A valley of juniors and seniors
“See that field,” he says, motioning to a stubbly horse pasture. The field in places looks like an old playground, the part under the swing set where the grass has been beaten down to hard dirt. “It didn’t get any water this year.”
McEwen is the water commissioner for the Eagle Valley, a state-appointed position, and as such he periodically inspects ditches from Camp Hale to Dotsero.
Even in this year of historically unprecedented drought, when the soil seemed to cough dust, the Eagle’s other main tributary valleys – Gore Creek, Lake Creek and Brush Creek – delivered sufficient water for all in early summer.
But Gypsum Creek is another story. Originating in a smaller basin sandwiched between Hardscrabble Mountain and Red Table Mountain, the creek never truly gushes and by August only whimpers. This year, even in spring runoff, it never rose far beyond a whimper.
A whimper is enough for the ranches that homesteaded hard along the creek in 1882. Their water rights are senior in the valley. Those ranchers use the water to irrigate alfalfa, which is dried out and fed to cattle through winter. The oldest and hence most senior water rights allow them to get two cuttings, first in July and then, after more irrigation, again in August.
Farmers with water rights filed more recently, which makes them junior, sometimes don’t get enough water for the second cutting. This year it was worse. Some land had too little water for even the first cutting of hay.
Delivering bad news
Informing ranchers and others that their water is being cut off is the part of McEwen’s job that he likes least.
“If it didn’t matter, it wouldn’t matter,” says McEwen matter of factly as he strides through waist-high grass, a notebook in his shirt pocket for recording measurements. “But if somebody’s livelihood depends upon it, that’s not a good feeling.”
Even the Gypsum Valley has hundreds of water rights, all ranked by date of appropriation and for specified amounts, as measured by cubic feet per second.
These rights, which in Colorado are considered private property, also specify where the diversions occur. As of mid-July only those with the oldest water rights, dating to the 1880s, were still irrigating.
It’s like a cafeteria line, with all customers having an assigned order that does not change. Only after the No. 1 gets water can No. 2 get water, and so on down the line. By late August of most years, only the 40 most senior rights are being satisfied. This year, the cutoff was 35 a month earlier.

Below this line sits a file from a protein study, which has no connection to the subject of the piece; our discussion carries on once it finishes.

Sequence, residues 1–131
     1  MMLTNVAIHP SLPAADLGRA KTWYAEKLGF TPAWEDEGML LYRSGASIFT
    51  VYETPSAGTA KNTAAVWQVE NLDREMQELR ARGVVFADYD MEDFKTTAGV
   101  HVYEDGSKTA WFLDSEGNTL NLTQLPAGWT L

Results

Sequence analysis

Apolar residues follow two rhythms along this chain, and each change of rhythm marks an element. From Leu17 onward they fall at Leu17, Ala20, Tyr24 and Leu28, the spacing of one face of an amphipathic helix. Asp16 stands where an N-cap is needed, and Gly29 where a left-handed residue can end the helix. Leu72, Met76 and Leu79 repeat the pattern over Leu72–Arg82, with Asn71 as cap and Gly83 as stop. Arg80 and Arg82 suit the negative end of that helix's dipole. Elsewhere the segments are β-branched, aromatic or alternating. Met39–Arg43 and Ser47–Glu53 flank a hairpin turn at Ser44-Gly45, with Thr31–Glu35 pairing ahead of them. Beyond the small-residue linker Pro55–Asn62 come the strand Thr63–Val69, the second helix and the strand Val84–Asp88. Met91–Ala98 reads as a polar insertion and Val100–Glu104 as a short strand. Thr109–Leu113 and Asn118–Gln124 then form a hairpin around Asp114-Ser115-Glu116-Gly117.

Water users on Gypsum Creek, with its history of too little, understand the sequence. If angry when told to cut off their intake, they don’t express it to McEwen.
On other creeks, the story was different. There, when owners of senior rights found they were not getting their adjudicated amounts, they “put a call” on their creek. That expression, familiar in the Old West of ranches and farmers, sounds vaguely foreign in the New West of horse pastures, kayaks, and the wildland-urban interface.
Putting a call on the creek sets in motion a ripple. It’s McEwen’s job to inform owners of junior rights upstream that they will have to cease their diversions. Many users, generally newer residents on small acreages, had never known such a decree. Reactions have varied.
“With some people it’s, “I’m going to sue you.’ Or, “I’m going to talk to your supervisor,'” says McEwen, a quietly friendly man. “A lot of times they’re more upset with the person who is doing the calling and not me.”
The notion of average
The Gypsum Valley has changed substantially since McEwen began as water commissioner in 1990. First a golf course, then boxy, pastel-colored houses and now a pair of schools have arrived. Yellow backhoes and bulldozers spewing black diesel smoke suggest much more to come as they begin the construction work at the new Chatfield Corners subdivision.
Hay bales continue to sprinkle many fields like giant brown balls of gauze, but McEwen muses that such scenes will soon disappear. Given the deals being struck, he expects to see the Gypsum Valley entirely developed for suburban living within the next decade. Kentucky bluegrass will replace alfalfa. Instead of ranchers, McEwen will be talking almost exclusively with town officials. His job will be easier, but perhaps less satisfying.
For the time being, though, McEwen and other water commissioners make their daily travels to monitor flows. Although he carries tablets thick with names, dates and water volumes, he acknowledges that this system is as much art as science. The art is borne from experience, knowing the intricate web of creeks and rivers, how much they carry, and when.
This year has been different, by some calculations the most water-short year since 1851, well before miners, ranchers and all the rest flooded into these mountains. For example, this summer’s Fourth of July creek flows were the same as those usually recorded at Halloween. And some climatologists predict continued drought.
All of this scarcity has had McEwen thinking.
“Across this whole state, there is this whole notion of what’s average, what’s normal. But it doesn’t matter in a year like this. The whole notion of average depends upon it raining and snowing.” he says. “A couple more years like this and the whole system will collapse.”